Institutional Affiliation: Cornell University
|Human Capital Effects of Anti-Poverty Programs: Evidence from a Randomized Housing Voucher Lottery|
with , : w20164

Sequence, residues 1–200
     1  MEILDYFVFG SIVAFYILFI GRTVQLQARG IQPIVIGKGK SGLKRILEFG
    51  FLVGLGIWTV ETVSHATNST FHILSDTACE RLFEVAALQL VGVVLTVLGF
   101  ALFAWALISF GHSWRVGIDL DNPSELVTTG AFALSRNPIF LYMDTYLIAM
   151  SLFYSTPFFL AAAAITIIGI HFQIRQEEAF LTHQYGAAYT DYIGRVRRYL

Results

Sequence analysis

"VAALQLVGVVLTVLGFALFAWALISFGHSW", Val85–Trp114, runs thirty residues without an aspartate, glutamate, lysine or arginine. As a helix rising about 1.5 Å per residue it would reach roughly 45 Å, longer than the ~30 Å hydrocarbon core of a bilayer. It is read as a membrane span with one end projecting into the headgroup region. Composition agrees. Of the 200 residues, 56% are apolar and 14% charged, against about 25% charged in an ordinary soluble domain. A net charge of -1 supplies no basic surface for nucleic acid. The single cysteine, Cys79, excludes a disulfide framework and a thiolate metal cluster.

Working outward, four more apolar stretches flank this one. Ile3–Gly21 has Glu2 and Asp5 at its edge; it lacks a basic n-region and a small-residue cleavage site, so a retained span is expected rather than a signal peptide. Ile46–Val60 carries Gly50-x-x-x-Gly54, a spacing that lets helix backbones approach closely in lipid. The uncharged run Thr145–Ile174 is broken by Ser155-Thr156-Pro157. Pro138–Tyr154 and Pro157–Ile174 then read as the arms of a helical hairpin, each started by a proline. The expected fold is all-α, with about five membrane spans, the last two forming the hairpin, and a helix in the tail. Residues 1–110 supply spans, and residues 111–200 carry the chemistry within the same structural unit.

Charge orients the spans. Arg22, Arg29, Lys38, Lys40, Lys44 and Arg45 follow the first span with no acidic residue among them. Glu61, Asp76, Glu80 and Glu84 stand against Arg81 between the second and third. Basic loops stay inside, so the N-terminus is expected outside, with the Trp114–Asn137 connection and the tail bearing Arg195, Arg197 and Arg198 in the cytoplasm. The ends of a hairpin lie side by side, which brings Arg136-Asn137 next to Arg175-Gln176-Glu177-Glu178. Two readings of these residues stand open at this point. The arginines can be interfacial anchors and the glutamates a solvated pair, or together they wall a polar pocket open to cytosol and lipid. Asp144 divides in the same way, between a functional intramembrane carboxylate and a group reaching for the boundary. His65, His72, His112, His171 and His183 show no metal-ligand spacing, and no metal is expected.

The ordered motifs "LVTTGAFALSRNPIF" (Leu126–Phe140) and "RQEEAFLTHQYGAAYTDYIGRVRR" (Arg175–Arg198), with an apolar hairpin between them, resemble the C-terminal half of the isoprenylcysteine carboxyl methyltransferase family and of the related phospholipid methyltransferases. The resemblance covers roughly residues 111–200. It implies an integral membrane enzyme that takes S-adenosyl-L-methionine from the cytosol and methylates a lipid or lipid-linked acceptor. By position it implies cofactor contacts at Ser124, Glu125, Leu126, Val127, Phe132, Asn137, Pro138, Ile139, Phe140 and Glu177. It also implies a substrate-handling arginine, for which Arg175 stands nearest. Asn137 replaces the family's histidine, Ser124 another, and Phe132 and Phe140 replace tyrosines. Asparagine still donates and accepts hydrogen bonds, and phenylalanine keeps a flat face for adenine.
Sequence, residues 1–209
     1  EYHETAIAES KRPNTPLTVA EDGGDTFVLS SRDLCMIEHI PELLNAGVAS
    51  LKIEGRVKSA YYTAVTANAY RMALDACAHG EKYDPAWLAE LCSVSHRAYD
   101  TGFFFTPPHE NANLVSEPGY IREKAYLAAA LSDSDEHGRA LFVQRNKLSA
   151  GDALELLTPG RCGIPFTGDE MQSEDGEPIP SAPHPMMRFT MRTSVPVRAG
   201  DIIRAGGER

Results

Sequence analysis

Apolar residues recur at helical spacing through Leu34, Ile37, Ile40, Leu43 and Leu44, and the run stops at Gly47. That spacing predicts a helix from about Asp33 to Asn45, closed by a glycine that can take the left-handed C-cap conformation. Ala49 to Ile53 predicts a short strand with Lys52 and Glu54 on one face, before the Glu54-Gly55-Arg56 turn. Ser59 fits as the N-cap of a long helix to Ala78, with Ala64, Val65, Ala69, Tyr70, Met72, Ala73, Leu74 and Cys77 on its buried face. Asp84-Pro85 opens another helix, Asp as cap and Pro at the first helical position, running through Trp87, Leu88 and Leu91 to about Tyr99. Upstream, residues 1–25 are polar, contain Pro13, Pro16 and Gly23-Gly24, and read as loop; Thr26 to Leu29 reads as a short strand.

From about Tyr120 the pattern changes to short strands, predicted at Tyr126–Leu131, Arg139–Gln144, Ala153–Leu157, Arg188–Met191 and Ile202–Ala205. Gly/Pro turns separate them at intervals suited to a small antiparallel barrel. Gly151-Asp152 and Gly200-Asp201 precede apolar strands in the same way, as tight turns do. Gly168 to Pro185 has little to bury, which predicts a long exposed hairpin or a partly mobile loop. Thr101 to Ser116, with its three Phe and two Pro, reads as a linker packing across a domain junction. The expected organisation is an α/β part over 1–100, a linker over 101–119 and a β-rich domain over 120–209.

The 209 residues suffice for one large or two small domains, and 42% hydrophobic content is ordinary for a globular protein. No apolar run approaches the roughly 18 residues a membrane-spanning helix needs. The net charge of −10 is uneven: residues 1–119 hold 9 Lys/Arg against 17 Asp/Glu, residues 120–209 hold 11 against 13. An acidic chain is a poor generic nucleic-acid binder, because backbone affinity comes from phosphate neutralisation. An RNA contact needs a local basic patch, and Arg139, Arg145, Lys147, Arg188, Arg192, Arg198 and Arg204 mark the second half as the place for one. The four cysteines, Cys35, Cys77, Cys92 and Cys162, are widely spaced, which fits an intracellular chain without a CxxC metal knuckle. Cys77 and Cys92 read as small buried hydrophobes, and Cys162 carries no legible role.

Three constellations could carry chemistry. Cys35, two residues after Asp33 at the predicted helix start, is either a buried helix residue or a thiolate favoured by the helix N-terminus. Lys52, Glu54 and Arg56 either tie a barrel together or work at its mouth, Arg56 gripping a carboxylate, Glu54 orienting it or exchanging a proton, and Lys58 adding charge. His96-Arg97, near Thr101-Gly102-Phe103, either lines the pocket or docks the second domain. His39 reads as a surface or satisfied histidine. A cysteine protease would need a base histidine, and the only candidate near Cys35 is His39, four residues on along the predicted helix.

Whether government transfer programs increase the human capital of low-income children is a question of first-order policy importance. Such policies might help poor children if their parents are credit constrained, and so under-invest in their human capital. But it is also possible that whatever causes parents to have low incomes might also directly influence children's development, in which case transfer programs need not improve poor children's long-term life chances. While several recent influential studies suggest anti-poverty programs have larger human capital effects per dollar spent than do even the best educational interventions, identification is a challenge because most transfer programs are entitlements. We overcome that problem by studying the effects on children of a generous ...